Last year at this time, Vance Worley was set to be the Twins' Opening Day starter. Not an ace by any means, and lacking years of experience, his start was an indication that Minnesota's rotation was not going to be super competitive. However, he had taken well to the Majors the previous year and seemed a perfectly serviceable hurler to take the mound on day one.
Vance Worley is on waivers, if anyone wants him.
— Aaron Gleeman (@AaronGleeman) March 21, 2014
Clearly, things have changed for Vance.
The poor Phillies went from four aces to three when Roy Oswalt was injured, but went back up to four after replacing him with Worley. He came up and went 11-3 with a 3.01 ERA, 119 SO, 46 BB, 1.230 WHIP. 55% of his strikeouts were called third strikes (second in MLB), and he finished third in Rookie of the Year voting after being a complete stranger to scouts and analysts when he was called up. He had goggles. He had "Vanimal" written on his glove. He was funny, funy, and well-spoken.
And that strut.
Not bad for a kid stricken with control issues, according to Baseball America, as he entered the 2008 draft. When he a threw complete game against the Giants - the Giants whose upset of the Phillies in the 2010 NLCS still fresh on everyone's minds - he solidified himself as a fan favorite.
And that was a game in which Chase Utley hit an inside-the-park home run. Fan favoritisim wasn't readily available for new guys.
In 2012, his pitches found more bats, and he gave up more runs, though his walk numbers stayed almost completely still. His first half was some solid upkeep of his previous campaign, to the thrill of fans watching a team on its to not making the playoffs.
But the league had a book on him now, as was the case with Kyle Kendrick and J.A. Happ before him; guys who came up, appeared sharp, and then got beat up their second time around the NL. Also not helping was the bone chip in his elbow, which was removed surgically after he was shutdown in August.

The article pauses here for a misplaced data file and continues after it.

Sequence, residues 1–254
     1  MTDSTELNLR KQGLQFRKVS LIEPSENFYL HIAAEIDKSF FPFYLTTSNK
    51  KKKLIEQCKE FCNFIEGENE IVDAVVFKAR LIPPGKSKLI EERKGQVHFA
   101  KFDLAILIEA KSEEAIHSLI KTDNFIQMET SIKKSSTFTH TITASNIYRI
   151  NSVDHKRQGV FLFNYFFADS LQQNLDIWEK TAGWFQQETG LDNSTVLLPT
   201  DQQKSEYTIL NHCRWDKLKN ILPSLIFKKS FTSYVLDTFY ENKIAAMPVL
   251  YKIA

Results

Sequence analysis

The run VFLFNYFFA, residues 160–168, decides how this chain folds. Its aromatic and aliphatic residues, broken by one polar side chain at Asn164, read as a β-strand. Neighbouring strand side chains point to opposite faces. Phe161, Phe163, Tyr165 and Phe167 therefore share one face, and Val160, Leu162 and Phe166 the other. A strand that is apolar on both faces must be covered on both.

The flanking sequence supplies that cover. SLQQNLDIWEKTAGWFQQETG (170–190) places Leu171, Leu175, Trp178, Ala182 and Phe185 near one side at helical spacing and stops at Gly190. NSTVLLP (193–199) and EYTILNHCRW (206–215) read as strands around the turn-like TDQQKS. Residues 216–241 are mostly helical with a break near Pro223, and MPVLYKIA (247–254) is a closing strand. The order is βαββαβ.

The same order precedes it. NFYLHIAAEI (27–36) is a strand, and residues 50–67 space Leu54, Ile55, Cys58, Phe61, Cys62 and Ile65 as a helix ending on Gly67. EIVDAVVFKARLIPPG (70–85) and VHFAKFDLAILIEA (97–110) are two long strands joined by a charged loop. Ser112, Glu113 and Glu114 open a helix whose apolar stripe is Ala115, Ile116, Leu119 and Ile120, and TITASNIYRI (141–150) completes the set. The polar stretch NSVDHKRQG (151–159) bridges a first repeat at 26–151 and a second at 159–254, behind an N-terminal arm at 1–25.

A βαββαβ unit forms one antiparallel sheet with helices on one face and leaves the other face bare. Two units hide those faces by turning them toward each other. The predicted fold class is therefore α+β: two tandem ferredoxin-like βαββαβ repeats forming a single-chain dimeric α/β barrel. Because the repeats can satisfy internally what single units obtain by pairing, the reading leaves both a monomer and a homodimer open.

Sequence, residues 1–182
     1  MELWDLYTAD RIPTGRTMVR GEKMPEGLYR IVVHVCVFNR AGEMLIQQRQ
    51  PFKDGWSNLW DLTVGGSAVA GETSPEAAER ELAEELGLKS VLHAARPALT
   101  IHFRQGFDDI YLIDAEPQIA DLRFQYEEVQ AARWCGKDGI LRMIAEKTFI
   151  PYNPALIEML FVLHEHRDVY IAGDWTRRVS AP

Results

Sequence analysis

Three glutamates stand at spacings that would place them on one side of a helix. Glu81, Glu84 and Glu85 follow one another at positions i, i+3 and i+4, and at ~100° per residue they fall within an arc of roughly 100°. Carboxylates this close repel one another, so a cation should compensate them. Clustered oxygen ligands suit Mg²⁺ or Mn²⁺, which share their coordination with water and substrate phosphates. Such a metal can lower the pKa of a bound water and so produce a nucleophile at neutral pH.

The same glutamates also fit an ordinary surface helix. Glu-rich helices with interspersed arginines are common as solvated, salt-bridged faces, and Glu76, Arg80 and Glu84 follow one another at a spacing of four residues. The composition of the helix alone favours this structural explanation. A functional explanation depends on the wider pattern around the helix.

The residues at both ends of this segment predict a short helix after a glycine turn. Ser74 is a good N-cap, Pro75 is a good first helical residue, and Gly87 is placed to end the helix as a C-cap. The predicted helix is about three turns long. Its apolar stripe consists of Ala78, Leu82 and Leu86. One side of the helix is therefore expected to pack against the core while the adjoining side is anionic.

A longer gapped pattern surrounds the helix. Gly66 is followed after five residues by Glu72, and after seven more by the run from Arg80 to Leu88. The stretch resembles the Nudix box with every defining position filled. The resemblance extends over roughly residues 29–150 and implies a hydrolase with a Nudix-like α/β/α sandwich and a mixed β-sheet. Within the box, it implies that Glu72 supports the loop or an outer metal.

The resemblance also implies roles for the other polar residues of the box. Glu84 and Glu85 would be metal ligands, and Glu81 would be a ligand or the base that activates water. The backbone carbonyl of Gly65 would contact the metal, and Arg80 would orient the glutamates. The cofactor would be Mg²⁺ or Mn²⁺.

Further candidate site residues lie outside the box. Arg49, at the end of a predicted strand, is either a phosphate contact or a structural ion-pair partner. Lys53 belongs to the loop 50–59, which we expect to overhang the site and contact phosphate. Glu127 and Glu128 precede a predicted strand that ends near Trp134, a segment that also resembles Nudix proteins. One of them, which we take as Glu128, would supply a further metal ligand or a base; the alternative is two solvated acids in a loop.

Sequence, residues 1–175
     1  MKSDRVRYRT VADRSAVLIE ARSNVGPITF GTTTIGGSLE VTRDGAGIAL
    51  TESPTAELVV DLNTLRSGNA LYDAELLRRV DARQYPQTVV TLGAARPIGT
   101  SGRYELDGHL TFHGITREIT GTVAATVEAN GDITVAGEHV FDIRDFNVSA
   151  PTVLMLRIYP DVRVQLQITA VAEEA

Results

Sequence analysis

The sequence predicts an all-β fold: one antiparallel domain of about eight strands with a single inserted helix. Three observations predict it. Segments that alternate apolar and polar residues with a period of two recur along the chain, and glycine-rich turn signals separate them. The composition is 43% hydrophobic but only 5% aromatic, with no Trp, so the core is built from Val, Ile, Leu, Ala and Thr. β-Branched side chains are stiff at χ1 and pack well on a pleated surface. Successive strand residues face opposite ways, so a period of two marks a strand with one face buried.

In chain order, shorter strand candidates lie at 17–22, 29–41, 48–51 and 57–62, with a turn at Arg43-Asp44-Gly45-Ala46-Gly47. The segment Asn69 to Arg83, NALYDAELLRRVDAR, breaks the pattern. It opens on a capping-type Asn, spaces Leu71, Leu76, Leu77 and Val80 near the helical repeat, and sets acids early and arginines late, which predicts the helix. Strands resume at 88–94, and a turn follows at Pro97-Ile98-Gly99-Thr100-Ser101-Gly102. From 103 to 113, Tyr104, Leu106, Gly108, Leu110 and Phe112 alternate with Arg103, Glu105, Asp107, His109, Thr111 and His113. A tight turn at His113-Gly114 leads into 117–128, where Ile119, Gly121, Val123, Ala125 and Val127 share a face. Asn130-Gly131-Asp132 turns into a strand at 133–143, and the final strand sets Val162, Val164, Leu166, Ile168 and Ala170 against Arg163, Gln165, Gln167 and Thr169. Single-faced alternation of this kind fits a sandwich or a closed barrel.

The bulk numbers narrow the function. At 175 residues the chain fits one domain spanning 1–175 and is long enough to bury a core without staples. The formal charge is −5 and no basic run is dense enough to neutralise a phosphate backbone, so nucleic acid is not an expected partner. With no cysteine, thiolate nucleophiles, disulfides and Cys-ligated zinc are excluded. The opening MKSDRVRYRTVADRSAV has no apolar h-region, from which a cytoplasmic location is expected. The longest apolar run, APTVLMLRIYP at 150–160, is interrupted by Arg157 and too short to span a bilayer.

The Phillies decided to sell as high as they could on Worley, and used him as the bargaining chip (along with top pitching prospect Trevor May) to refill their hole in center field by trading for Ben Revere of the Twins.
Which is how Worley came to find himself on the mound at Target Field on Opening Day, 2013. But he wouldn't be there for long. Worley went into a nose-dive for the Twins, giving up 46 hits and 23 earned runs in 28.2 innings in April. May went just about as well, and before his demotion, Worley couldn't even get his ERA to drop under 7.00.
He was sent down to Triple A Rochester to work on the control scouts were wondering about back in 2008.
In Spring Training this season, Worley picked up where he left off, giving up 22 hits and 16 runs in 10.2 innings of work. The Twins had finally seen enough.
Everybody needs pitching depth, so maybe 26-year-old Worley can latch on to somebody's minor league camp and turn things around. Hopefully, his story isn't over.